For nearly two decades, deviations between experimental data and the nonionizing energy loss (NIEL) have been observed for GaAs devices. In particular, previous data has suggested that electrical parameters associated with GaAs solar cells can follow different energy dependences with NIEL but only at the higher proton energies. In this paper, displacement damage-induced electrical and structural effects in GaAs solar cells were monitored before and after irradiation with various ions. The radiation-induced defects responsible for causing electrical changes were characterized using illuminated current-voltage, deep level transient spectroscopy (DLTS), and electron beam induced current (EBIC) while the structural changes were monitored using transmission electron microscopy (TEM). The EBIC images showed the existence of radiation-induced active recombination volumes or defect clusters after irradiation with high energy protons (E ≥ 10 MeV) and 22 MeV silicon ions, which were not produced by lower energy protons. The TEM images revealed strain related defects that correspond to the same irradiation conditions for which the defect clusters were observed, and therefore, the defects in the TEM images are associated with those observed in the EBIC images. These defects were not observed prior to irradiation so the lattice strain in the material is definitely associated with irradiation-induced lattice defects. HRTEM imaging has shown that the disordered regions are not amorphous but probably most likely a cluster of vacancies and a surrounding region rich in interstitials, which is produced when a large number of neighboring atoms are displaced in collision cascades known as the displacement spike. The formation of the U-band defect as determined by DLTS seems to evolve under the same irradiation conditions as the defects in the images. This very broad U-band peak is consistent with what would be expected from defect clusters. From analyses of the recoil spectra, high energy recoils appear to be responsible for the formation of these disordered regions and these regions are independent of the total displacement damage energy deposited. This study has shown that NIEL scaling is only violated for incident ion energies when the defect clusters are observed.

Seminar: Wednesday, November 19, 2008 at 3:30pm

Secret Lives of the Hidden Physicists: From Spandex to Spintronics
Gary White
American Institute of Physics

What is a physicist? A case is made for defining a physicist as anyone with a bachelor's degree (or higher) in physics. Under this definition, a large fraction of physicists are hidden, that is, they have left, or never belonged to, the traditional lot of Ph.D. academicians. Data from the Statistical Research Center at the American Institute of Physics and from a survey of members of the national physics honor society, Sigma Pi Sigma, show the vast array of actual career paths taken by physicists. From spandex to blackberries to bioinformatics to flight control to wind energy to spintronics, physicists can be found in nearly every job sector with some of the coolest careers around.


Location: Physics Bldg., Room 401

November 20, 2008

PhD Defense - Antonia Gambacorta

Drs Antonia Gambacorta & Lynn SparlingAntonia successfully defended her dissertation on November 20, 2008.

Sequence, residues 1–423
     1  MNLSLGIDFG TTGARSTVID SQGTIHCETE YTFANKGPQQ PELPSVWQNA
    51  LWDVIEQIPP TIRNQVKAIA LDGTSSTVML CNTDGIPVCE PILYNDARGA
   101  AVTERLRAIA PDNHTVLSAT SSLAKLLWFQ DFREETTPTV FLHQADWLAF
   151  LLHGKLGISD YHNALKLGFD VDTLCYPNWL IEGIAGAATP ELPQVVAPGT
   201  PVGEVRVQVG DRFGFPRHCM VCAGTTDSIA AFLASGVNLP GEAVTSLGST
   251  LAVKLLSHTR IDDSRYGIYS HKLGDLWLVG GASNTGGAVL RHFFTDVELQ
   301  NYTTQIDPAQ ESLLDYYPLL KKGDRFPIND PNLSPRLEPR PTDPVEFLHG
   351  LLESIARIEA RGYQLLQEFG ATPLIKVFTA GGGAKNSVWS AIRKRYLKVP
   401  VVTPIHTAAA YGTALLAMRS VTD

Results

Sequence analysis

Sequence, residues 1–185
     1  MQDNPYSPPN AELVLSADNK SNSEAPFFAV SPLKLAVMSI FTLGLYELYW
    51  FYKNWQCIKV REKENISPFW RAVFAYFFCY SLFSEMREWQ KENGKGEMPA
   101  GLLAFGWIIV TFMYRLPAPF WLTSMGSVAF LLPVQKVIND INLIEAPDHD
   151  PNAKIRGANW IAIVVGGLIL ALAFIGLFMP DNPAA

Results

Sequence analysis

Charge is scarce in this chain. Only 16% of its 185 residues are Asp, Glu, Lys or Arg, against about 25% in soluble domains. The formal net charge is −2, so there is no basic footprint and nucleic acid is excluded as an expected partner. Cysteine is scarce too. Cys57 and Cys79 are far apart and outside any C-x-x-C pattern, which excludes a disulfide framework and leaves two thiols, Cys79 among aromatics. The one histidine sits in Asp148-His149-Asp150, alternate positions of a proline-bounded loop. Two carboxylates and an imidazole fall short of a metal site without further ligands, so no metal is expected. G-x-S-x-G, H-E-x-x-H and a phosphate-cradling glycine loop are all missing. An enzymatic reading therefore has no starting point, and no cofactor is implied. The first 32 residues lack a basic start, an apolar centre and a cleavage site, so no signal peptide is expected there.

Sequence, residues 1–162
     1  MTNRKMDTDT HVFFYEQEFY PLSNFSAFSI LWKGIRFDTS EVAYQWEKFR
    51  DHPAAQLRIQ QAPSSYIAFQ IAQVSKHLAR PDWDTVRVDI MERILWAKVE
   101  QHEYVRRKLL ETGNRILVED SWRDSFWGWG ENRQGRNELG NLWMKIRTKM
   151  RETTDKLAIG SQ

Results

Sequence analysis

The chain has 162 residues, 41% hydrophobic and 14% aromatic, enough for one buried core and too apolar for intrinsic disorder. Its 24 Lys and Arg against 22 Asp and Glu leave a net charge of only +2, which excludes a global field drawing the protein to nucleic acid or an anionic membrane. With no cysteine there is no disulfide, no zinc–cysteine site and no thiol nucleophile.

TITLE:
Temperature Change And Water Vapor Feedback In The Atmosphere. A Comprehensive Assessment Using The Atmospheric Infrared Sounder Instrument On NASA Aqua Satellite

ABSTRACT:
Global surface temperature has increased ~0.2 degree Celsius per decade in the past 30 years. Observational data recorded from 1850 to 2007 indicate that the warmest 11 years have occurred between 1995 and 2006. The 2007 report of the Intergovernmental Panel on Climate Change concluded that there is a "very high confidence - 95% confidence - that the global average net effect of human activities since 1750 has been one of warming" and that "most of the observed increase in global average temperatures since the mid-20th century is very likely - 90% confidence - due to the observed increase in anthropogenic greenhouse gas concentrations".

Processes in the climate system that can either amplify or dampen the climate response to an external forcing such as an increase in anthropogenic greenhouse gas concentrations, and directly or indirectly affect the Earth's radiation budget at the top of the atmosphere are normally referred to as "climate feedbacks". Among all trace gases, water vapor is the most sensitive to temperature variations. In fact, water vapor absorbs strongly in the vibration-rotation and pure rotation bands at wavelengths in which a large portion of infrared emission occurs at temperature characteristic of the Earth's surface and atmosphere.

In the present study, we exploit the uniform spatial coverage and high vertical resolution of the Atmospheric InfraRed Sounder database of temperature and water vapor profiles to perform a detailed investigation of the covariance between temperature and water vapor. Differently from the previous studies, who only analyzed the overall tropically averaged water vapor and temperature relationship, we make a more comprehensive analysis by investigating this relationship on a local basis. By doing so, we explore the horizontal gradient of this relationship in the tropics, in order to better confine its range of variability and the interplay of the physical processes underneath it. An overall conclusion on the sign and magnitude of the tropical sensitivity to surface temperature variations by mean of water vapor feedback will be assessed.

November 24, 2008

Seminar: Wednesday, November 26, 2008

Due to the Thanksgiving Holiday, there will be no seminar on Wednesday, November 26, 2008.